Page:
US durable goods orders climbed for the second month with a 1.8% gain while economists polled by Bloomberg had expected a fall of 0.9%. Excluding transportation, the gain was smaller at 1.1% but still edged out estimates for a dip of 0.5%. The improvement in new orders is largely the work of a 3.6% increase in the transportation sector along with a 7.7% rise in machinery and 9.5% improvement to capital goods. The upside in transportation is, however, misleading as vehicles and parts fell 8.1% while the volatile nondefense aircraft sector advanced sharply at 68.1%. Also of note, the ratio of inventory to shipments climbed to 1.90 from 1.88, the highest in at least a year.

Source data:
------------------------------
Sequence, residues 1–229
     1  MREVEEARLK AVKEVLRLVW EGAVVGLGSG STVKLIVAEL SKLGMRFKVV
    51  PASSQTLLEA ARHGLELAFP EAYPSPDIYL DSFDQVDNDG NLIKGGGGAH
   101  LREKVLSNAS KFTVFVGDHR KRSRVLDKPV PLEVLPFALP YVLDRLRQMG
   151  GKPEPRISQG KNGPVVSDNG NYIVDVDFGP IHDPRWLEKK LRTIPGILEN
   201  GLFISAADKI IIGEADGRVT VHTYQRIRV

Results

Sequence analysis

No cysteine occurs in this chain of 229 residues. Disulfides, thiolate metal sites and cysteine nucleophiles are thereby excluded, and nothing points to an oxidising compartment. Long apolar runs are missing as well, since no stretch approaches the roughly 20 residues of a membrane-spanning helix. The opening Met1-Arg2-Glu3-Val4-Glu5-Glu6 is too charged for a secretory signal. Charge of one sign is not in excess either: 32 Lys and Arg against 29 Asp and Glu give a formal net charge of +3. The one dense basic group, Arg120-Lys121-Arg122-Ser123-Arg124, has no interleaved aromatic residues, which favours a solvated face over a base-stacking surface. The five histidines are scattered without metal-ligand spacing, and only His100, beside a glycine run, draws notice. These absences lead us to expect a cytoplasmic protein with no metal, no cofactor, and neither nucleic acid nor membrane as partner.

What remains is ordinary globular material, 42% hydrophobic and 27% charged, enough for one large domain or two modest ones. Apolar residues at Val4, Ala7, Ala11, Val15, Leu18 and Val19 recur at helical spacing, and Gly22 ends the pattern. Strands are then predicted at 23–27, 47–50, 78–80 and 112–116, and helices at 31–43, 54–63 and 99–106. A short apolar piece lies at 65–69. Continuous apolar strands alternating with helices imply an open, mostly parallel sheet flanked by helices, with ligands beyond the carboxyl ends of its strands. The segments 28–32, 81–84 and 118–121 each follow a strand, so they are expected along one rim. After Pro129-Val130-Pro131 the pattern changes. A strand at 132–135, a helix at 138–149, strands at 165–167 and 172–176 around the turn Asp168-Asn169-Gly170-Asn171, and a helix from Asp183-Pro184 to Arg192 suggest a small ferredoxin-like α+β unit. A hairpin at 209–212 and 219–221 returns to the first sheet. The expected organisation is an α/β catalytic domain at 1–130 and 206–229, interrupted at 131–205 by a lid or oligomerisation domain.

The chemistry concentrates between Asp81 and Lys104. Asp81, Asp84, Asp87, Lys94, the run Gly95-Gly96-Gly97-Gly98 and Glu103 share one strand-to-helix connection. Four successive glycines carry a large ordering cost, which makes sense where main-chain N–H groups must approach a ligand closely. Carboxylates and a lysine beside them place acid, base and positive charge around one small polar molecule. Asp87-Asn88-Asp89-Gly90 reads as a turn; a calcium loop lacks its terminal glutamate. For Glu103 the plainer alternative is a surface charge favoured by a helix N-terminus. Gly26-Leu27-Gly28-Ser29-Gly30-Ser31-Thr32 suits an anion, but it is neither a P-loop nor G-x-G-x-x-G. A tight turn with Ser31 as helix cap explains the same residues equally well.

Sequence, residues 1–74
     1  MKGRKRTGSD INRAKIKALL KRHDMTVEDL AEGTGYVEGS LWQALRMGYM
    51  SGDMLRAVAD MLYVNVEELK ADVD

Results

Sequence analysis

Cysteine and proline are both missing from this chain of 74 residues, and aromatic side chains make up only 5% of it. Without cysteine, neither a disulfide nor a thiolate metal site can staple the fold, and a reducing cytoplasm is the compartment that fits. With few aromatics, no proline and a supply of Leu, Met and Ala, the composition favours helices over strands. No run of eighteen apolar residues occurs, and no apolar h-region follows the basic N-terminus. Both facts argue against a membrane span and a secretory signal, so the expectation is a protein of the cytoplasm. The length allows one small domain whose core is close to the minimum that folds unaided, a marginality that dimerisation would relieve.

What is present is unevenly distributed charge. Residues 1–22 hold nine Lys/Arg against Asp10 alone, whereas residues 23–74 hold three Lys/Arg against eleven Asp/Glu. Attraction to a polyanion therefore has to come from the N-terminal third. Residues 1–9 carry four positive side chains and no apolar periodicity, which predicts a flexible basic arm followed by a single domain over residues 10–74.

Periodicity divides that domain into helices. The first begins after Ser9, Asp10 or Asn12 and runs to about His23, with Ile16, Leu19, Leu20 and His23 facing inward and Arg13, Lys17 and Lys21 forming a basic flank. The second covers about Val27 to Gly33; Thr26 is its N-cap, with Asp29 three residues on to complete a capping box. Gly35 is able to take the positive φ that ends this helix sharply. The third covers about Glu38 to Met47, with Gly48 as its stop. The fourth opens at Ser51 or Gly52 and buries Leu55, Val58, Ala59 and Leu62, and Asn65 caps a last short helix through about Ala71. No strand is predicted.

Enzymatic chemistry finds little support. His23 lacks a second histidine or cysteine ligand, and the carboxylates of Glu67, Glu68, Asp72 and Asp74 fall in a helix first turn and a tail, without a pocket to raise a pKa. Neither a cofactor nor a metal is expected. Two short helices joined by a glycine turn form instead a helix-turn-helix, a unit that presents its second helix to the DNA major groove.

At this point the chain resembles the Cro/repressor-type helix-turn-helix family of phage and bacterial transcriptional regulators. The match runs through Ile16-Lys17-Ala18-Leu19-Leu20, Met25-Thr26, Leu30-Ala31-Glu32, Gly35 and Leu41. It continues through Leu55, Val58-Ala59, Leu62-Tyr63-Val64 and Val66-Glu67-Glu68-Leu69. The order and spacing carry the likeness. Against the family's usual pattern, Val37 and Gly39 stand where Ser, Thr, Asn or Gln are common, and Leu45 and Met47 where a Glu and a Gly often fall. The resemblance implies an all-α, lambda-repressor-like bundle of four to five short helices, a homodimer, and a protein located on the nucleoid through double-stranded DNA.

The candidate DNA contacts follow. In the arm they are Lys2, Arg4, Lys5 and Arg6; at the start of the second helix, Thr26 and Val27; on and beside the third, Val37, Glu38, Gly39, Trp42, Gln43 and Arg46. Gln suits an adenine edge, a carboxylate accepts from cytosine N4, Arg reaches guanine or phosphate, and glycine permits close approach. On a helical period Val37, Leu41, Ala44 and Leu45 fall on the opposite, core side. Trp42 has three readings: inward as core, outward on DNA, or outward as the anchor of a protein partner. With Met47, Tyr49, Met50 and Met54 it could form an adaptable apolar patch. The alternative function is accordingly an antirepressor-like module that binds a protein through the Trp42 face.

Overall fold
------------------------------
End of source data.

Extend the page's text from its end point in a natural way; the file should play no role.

Equity index futures are trading higher by nearly one percent as investors react to positive data including mortgage applications and positive revision in the OECD’s contraction estimate for the US. The group had previously expected a 4.0% contraction this year and zero growth to follow in the year ahead. The new forecast calls for downside of 2.8% in 2009 and growth of 0.9% in the year ahead. On the currency front, the greenback is trading lower against commodity exporting nations and the sterling, while holding onto slight gains over the euro and yen.